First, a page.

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I still don't think the sky is falling ......but


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2 hours ago, Kinnock said:

How long has malaria been around, and still no effective vaccine? And destroying the vector is comparatively simple of there was a global effort.

 

You cannot believe that the world is responding to other major causes of death in the same way it responded to COVID?

I forgot to add in my previous response to that, that if malaria was a serious problem in Europe, UK and the USA/ Canada I'm pretty sure a solution to malaria would have been found long ago.

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3 minutes ago, thaibeachlovers said:

I forgot to add in my previous response to that, that if malaria was a serious problem in Europe, UK and the USA/ Canada I'm pretty sure a solution to malaria would have been found long ago.

 

Then why haven't they found a cure for cancer? That dog doesn't hunt. 😄

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7 minutes ago, thaibeachlovers said:

I forgot to add in my previous response to that, that if malaria was a serious problem in Europe, UK and the USA/ Canada I'm pretty sure a solution to malaria would have been found long ago.

It's much more complicated than that.  Worth a read:

 

https://www.healthline.com/health-news/why-some-countries-can-get-rid-of-malaria#How-Malaria-Was-Conquered

 

https://www.euro.who.int/__data/assets/pdf_file/0003/307272/Facsheet-malaria-elimination.pdf

 

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1 minute ago, thaibeachlovers said:

Mosquitoes don't transmit cancer.

 

You didn't mention mosquitoes. You broadly stated that if there was a will there would be a solution.

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5 hours ago, thaibeachlovers said:

No. Western people don't want to be nurses like they did in the 1980s- IMO that's because of low pay, bullying and overwork/ stress. Doesn't help that they stopped in hospital training and made it a university course, which in my experience is not necessary- don't need a degree to do any normal nursing as I proved by not having a degree.

That's why Filipinos and apparently Indians are working in significant numbers in NZ hospitals. In the London hospital I worked in it was Filipinos and Africans- without them the hospital could not have coped.

I'd never have done the ICU course- not worth the stress of doing the course for the pay at the end of it. Nurses are not appreciated when it comes to pay rates.

 

Not being smart- I don't know what you mean by medical branche. Do you mean becoming a Dr? Why would a nurse want to do that?

Medical branche i mean everything that has to do with medicine , becoming a nurse , doctor whatever and to my knowlidge there are still enough people that want to become a nurse or whatever . I know the pay is not that good but every step they make the pay will go up . So from a nurse doing a course to become an ICU staff pay will go up as well as to my knowlidge it does in every kind of job . 

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7 minutes ago, Nanaplaza666 said:

I know the pay is not that good but every step they make the pay will go up .

Not in Thailand, and to get a staff job you have to wait until an existing nurse retires/dies.

Edited by BritManToo
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1 hour ago, BritManToo said:

Not in Thailand, and to get a staff job you have to wait until an existing nurse retires/dies.

Ok good information i didn't know that . But in most western countries it does work like that and they don't want to scale up the nr of beds and nurses because of the reasons i gave .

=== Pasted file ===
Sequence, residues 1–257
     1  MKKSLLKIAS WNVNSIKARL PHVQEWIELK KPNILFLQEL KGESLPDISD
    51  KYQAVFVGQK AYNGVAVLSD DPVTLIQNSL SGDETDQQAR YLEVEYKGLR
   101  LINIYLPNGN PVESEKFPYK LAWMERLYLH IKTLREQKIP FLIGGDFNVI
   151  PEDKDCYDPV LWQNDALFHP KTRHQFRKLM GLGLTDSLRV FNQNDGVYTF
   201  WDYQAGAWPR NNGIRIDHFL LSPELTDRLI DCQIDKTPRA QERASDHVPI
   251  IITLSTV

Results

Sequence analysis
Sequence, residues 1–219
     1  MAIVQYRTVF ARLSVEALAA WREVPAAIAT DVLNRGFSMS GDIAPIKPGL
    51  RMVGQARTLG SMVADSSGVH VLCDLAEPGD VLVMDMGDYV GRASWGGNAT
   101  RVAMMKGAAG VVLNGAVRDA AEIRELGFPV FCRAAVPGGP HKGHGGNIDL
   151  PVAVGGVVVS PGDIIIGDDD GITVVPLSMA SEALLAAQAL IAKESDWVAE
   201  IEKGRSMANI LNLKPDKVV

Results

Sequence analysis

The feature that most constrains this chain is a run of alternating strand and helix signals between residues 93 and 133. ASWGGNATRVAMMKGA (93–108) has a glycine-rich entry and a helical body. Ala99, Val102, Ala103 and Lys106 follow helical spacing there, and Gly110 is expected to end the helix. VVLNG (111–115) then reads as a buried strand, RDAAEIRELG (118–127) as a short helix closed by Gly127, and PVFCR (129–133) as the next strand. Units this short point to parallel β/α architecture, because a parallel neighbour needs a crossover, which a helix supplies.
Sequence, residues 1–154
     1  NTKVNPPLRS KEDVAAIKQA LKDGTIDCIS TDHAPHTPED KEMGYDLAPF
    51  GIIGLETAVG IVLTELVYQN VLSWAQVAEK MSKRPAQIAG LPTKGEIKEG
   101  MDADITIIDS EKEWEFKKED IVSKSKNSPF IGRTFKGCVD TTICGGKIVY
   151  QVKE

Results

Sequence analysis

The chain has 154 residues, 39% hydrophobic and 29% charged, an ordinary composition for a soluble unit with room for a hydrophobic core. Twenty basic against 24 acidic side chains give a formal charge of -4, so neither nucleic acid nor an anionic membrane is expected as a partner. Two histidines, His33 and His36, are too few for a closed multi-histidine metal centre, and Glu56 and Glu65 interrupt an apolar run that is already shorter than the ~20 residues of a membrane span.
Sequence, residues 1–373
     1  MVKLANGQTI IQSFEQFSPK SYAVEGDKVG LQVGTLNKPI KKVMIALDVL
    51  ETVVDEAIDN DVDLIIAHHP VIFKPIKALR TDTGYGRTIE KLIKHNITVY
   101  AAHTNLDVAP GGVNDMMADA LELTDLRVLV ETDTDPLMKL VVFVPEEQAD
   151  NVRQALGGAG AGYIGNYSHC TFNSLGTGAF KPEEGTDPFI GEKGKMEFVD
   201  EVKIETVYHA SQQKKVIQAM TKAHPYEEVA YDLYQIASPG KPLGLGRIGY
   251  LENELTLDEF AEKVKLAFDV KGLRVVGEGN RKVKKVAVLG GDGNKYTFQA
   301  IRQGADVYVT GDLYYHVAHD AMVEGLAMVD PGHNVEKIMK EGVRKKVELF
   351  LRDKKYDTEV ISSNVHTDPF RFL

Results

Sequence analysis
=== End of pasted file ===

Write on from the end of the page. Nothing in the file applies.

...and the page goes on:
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13 hours ago, Kinnock said:

How long has malaria been around, and still no effective vaccine? And destroying the vector is comparatively simple of there was a global effort.

 

You cannot believe that the world is responding to other major causes of death in the same way it responded to COVID?

Research into malaria vaccines has been a very active field.  You are correct that it has not been successful.  But that is not because of lack of effort.  The difficulty of developing a vaccine of course differs from one disease to another.  The spectacular success of the development of COVID vaccines has changed perception, and raised expectations of vaccine development.  

I think if you look into it you will see that there have been very serious and very dedicated efforts to control and eradicate malaria.

You ask questions about malaria, but have you looked into the history of efforts to control and eradicate?  I think you will find that there is a history of these efforts.

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13 hours ago, thaibeachlovers said:

No. Western people don't want to be nurses like they did in the 1980s- IMO that's because of low pay, bullying and overwork/ stress.

........

That's why Filipinos and apparently Indians are working in significant numbers in NZ hospitals. In the London hospital I worked in it was Filipinos and Africans- without them the hospital could not have coped.

 

Perhaps if they didn't have low wage foreigners, they'd have to treat and pay their available recruits better.

 

Every time there's a nursing shortage somewhere in the USA, a little delving will reveal a pay disparity or a cost of living issue.  They can't seem to attract nurses to work in California (where a starter home costs $500K) paying them the same wages as in Texas, where a nice home can be bought for less than 1/2 that amount.  Go figure.

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Most of the mitigating strategies are designed to try to bring the virus under control.   With a highly infectious, respiratory disease, it's almost impossible to do without lockdowns and quarantines.   

When hospitals and medical facilities are overwhelmed, there is no ability to treat anything else, so elective surgeries, cancer treatment and other procedures are drastically reduced.   

Once large swaths of a society become sick, the economy suffers.  Supply chains are interrupted, stores close, there are runs on certain products and rumors replace facts.  

Every pandemic is viewed from the vantage point of hindsight.   

 

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3 hours ago, CG1 Blue said:

You've clearly put a lot of time and energy into researching the effects of Covid on the world population. Have you considered the effect of lockdowns on the world population at all?